Multisystem functional characterisation of motile ciliopathy genes HEATR2 and ZMYND10
Item statusRestricted Access
Embargo end date31/12/2100
Mali, Girish Ram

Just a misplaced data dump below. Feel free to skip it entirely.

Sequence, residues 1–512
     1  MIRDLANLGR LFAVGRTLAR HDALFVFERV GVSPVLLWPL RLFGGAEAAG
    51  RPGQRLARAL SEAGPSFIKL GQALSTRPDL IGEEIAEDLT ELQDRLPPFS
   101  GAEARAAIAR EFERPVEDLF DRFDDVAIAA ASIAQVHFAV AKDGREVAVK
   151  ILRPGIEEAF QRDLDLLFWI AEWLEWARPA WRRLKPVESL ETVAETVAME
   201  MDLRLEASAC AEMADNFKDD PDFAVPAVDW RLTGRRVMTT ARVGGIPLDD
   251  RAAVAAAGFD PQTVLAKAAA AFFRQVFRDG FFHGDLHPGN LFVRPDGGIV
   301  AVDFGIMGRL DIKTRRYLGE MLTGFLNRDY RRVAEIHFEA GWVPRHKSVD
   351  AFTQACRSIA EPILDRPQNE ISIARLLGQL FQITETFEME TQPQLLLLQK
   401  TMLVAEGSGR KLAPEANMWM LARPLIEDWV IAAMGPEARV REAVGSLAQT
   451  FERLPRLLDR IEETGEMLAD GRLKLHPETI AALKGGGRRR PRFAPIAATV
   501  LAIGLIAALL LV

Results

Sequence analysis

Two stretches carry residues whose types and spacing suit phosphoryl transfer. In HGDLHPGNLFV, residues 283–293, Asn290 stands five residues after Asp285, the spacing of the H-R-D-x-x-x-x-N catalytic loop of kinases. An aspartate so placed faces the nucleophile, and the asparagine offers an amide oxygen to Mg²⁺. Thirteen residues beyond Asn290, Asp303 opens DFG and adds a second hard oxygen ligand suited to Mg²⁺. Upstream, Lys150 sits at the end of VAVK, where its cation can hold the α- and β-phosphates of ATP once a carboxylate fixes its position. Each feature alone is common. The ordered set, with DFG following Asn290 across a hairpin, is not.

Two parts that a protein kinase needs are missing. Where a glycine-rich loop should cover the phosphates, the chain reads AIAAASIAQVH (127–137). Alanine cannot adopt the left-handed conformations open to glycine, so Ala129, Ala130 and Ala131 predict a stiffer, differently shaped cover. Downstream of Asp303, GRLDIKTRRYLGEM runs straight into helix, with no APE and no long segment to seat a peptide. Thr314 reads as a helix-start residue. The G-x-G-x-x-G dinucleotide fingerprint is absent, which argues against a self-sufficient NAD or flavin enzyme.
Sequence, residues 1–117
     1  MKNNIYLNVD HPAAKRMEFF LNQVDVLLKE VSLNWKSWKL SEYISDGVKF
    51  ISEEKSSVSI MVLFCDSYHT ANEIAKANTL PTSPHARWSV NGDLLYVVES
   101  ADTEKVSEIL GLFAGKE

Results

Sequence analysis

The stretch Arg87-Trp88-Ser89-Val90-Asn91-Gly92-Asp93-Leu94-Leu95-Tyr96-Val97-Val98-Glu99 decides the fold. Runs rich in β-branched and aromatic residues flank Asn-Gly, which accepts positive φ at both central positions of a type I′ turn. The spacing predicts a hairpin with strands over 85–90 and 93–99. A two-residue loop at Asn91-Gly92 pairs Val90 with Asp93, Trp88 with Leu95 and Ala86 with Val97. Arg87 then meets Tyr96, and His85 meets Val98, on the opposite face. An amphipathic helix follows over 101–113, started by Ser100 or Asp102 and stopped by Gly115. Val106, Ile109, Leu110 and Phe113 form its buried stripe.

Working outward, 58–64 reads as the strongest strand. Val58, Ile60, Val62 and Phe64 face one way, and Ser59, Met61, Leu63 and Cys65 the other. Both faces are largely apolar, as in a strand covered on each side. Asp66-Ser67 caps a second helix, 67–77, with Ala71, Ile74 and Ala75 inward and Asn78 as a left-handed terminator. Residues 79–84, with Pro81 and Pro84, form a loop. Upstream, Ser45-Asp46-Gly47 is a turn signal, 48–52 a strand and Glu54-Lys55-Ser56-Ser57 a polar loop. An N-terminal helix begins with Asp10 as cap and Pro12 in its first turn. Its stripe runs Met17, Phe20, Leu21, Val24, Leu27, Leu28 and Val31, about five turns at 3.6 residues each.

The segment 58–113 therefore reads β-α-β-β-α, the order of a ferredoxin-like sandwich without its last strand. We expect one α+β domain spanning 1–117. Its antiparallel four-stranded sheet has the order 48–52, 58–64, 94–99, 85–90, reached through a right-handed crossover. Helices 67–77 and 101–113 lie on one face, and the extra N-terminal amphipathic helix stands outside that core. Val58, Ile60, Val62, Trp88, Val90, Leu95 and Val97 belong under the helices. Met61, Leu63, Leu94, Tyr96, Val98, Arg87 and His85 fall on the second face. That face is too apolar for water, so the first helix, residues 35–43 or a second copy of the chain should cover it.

Cilia are polarized extensions of the cells microtubule-based cytoskeleton dedicated to sensory, signaling and motility-related functions. In mammals, there are two main types of cilia, immotile and motile, where motile cilia generate/modulate fluid flow at the embryonic node, in respiratory airways, cerebral ventricles and the oviduct in addition to sperm propulsion via the flagellum. Defects in cilia motility cause a rare genetic disorder called Primary Ciliary Dyskinesia (PCD). In this thesis, I present functional and molecular characterisation of two PCD causing genes HEATR2 and ZMYND10. Core cilia genes are transcriptionally activated by members of the winged-helix transcription factors of the RFX family. The forkhead transcription factor FOXJ1, additionally activates motility genes such as the ones encoding components of axonemal dynein motors which transfer the chemical energy released from ATP hydrolysis to kinetic motion necessary for ciliary motility. I present data in this thesis which show that Heatr2 and Zmynd10 are both targets of the RFX3-FOXJ1 transcriptional module which co-operatively switches on genes required to make motile cilia Mutations in both HEATR2 and ZMYND10 cause the same subtype of PCD (loss of inner and outer arm dyneins in cilia). I characterise a human PCD causing mutation in HEATR2 in this thesis. Additionally, using genetic null mouse models generated using the CRISPR technology, I describe the phenotypic effects of complete loss of Zmynd10 in mice. Zmynd10 mutant mice display characteristic PCD-like features. Adding to my functional studies, I present proteomic data to propose mechanisms by which HEATR2 and ZMYND10 proteins control cilia motility. Mass spectrometry and protein interaction studies support distinct roles for HEATR2 and ZMYND10 in intracellular transport and pre-assembly of axonemal dynein motors. The multisystem approaches described in this thesis to characterise the roles of HEATR2 and ZMYND10 highlight the molecular complexity underlying the assembly and delivery of axonemal dyneins to motile cilia and provide novel functional and molecular insights into the pathophysiology of PCD.